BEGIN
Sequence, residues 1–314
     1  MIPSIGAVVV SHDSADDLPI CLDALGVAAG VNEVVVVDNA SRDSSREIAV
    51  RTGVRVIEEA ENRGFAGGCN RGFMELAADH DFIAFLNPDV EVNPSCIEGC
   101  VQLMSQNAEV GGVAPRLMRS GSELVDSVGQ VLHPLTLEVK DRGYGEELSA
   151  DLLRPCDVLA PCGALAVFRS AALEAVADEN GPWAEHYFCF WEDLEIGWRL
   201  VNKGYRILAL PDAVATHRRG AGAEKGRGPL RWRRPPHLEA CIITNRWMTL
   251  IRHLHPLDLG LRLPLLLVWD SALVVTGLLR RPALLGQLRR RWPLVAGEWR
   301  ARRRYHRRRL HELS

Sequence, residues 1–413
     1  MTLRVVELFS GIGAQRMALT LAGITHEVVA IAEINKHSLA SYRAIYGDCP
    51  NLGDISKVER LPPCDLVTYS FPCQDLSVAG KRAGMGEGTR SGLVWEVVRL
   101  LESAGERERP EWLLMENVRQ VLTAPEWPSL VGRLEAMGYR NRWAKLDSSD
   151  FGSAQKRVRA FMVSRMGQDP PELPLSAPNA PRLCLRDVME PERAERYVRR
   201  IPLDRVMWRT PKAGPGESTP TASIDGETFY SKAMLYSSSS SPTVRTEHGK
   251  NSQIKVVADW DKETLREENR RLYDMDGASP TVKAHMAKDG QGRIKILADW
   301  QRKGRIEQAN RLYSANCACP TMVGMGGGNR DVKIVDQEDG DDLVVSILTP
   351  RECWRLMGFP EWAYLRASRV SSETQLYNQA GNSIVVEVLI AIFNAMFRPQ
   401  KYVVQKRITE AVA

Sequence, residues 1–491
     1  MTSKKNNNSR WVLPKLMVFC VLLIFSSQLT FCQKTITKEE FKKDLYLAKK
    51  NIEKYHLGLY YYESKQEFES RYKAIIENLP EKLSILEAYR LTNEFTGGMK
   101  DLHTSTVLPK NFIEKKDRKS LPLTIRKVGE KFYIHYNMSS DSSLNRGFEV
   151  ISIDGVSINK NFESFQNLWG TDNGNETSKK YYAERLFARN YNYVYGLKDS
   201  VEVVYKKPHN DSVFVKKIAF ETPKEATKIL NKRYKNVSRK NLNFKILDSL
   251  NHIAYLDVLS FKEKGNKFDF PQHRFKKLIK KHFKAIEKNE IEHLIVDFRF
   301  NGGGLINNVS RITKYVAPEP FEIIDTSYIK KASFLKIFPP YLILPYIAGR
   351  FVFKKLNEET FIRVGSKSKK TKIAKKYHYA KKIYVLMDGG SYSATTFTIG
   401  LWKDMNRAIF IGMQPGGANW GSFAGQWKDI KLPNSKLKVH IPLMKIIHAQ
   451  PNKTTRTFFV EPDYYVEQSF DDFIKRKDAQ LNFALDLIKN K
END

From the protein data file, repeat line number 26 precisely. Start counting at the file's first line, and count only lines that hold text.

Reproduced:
   301  NGGGLINNVS RITKYVAPEP FEIIDTSYIK KASFLKIFPP YLILPYIAGR